When growing up in Massachusetts, my family had a summer rooming-house in a fishing village.  Next door was the town toy and gift shop run by a lady named Mrs. Gassett. I got a job as a kid of putting out the windmills, toy sailboats, and beach goods on the store front porch.

Besides having the most popular store for kids, the other thing, Mrs. Gassett did was paint landscapes, but not of New England, but her winter home in Mount Dora, Florida.  Her paintings looked like a New England village on a hill, but there were palm trees on the waterfront.  Other paintings showed what looked like a seaside New England Victorian inn but with more palm trees.

It was a real shock when my family moved to Florida and I discovered that the town Mrs. Gassett loved so much was fifty miles from the Atlantic.  When I finally visited Mount Dora, I had another shock – a 35-foot New England style red and white lighthouse graced Grantham Point at Gilbert Park on Lake Dora.

The Mount Dora Lighthouse is a real lighthouse on a freshwater lake.

In case you think the lighthouse is just a decoration: you are wrong.  The lighthouse has a 750-watt photocell that uses a blue pulsator that helps guide boaters to the town docks. Boat tours around some of Lake County’s 1200 named lakes begin lakeside at the historic LAKESIDE INN, which started in the 1880s. The town with hilly roads has a New England charm that has attracted people like Mrs. Gassett.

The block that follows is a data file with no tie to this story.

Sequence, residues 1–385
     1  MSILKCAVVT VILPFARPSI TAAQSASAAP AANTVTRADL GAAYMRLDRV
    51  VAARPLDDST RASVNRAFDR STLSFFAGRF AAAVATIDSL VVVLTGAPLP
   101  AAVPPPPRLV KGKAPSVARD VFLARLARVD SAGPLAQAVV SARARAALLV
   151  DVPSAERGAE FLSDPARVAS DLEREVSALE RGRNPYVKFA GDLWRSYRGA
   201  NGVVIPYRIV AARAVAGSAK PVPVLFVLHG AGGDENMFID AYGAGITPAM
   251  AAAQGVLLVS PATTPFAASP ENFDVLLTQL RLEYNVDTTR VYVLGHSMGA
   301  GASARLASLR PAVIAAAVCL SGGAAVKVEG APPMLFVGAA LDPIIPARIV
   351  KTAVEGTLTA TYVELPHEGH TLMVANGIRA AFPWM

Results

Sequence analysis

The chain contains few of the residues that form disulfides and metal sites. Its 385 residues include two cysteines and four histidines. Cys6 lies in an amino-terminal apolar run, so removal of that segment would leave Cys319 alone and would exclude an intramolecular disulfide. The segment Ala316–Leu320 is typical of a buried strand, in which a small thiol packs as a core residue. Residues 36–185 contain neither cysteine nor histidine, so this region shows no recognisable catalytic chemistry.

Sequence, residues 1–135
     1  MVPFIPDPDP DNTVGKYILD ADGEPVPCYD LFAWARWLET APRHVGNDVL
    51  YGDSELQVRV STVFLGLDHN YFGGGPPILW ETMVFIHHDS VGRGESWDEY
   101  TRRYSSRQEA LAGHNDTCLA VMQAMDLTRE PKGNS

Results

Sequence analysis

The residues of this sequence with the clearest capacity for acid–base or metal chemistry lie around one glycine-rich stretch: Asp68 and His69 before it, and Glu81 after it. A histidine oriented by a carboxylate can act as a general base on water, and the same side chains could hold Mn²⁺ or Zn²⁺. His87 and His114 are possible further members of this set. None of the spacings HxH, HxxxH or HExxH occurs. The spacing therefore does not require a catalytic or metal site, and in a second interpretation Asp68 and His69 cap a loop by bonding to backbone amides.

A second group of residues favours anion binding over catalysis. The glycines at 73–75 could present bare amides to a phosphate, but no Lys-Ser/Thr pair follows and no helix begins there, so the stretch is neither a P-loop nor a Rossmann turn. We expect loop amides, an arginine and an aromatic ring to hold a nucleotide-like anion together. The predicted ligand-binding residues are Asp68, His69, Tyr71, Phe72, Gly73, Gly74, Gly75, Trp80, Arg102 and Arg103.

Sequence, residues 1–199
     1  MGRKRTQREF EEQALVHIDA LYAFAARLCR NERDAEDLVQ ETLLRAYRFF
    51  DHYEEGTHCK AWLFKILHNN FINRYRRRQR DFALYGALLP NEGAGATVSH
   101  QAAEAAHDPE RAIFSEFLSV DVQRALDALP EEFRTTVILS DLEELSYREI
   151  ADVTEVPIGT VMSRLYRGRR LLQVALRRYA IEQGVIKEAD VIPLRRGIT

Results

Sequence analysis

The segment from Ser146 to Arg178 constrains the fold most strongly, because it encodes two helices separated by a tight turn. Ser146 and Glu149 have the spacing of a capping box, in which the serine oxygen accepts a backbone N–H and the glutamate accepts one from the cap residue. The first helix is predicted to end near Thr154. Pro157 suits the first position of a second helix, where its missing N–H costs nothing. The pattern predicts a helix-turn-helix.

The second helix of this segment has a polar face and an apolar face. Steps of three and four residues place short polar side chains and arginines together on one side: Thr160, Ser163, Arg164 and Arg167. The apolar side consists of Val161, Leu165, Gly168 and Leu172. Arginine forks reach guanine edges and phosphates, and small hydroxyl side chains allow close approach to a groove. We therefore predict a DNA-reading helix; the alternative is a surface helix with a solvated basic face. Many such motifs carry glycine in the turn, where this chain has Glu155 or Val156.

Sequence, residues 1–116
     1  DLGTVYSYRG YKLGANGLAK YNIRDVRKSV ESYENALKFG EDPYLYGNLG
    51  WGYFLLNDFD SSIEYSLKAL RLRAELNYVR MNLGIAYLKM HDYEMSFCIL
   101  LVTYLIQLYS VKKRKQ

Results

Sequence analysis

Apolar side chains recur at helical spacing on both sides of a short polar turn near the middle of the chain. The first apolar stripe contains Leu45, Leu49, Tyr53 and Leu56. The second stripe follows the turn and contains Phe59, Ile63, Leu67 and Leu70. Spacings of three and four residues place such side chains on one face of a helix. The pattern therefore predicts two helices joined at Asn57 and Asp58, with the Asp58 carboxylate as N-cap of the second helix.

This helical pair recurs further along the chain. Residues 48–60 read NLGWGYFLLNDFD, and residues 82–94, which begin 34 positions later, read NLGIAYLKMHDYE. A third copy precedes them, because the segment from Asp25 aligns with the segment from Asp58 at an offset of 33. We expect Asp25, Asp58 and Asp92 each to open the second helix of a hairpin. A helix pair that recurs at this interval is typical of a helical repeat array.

One thing I hope to return is the Royal Palm Railway that took visitors on a 75-minute tour to and from the neighboring town of Tavares.  That might not be operating, but the railroad depot is a historic site.

The town and the lake are named for Ms. Dora Ann Drawdy, a Georgian who homesteaded in the 1840s and convinced other Southerners to come to farm and grow citrus. The arrival of the railroad brought the first Northerners, who found the lakes and the 184-foot plateau where Mount Dora is situated a great winter location. 


Why do people pour into Mount Dora not just in the winter, but on weekends all year? The hilly town of 15,000 is loaded with shops, particularly antiques and art galleries, fun restaurants, historic buildings, and interesting lake and town events. 

The people are proud of Mount Dora and like to point things out to you.  Some people were so friendly in 1981 that they agreed to temporarily paint their buildings and homes an ugly pink for a stupid movie “Honky Tonk Freeway.”

Mount Dora is the favorite spot for antique dealers in the winter months.

A star attraction is the 117-acre Renninger’s Vintage Antique Center and Farmers Market outside town on US 441. While it operates all-year on weekends, in the winter months, hundreds of dealers from the North bring antiques here and there are big, promoted shows, where you can buy anything from classic cars to antique guitars.  Downtown has many antique shops such as the 60-vendor Village Antiques Mall at 405 North Highland Street.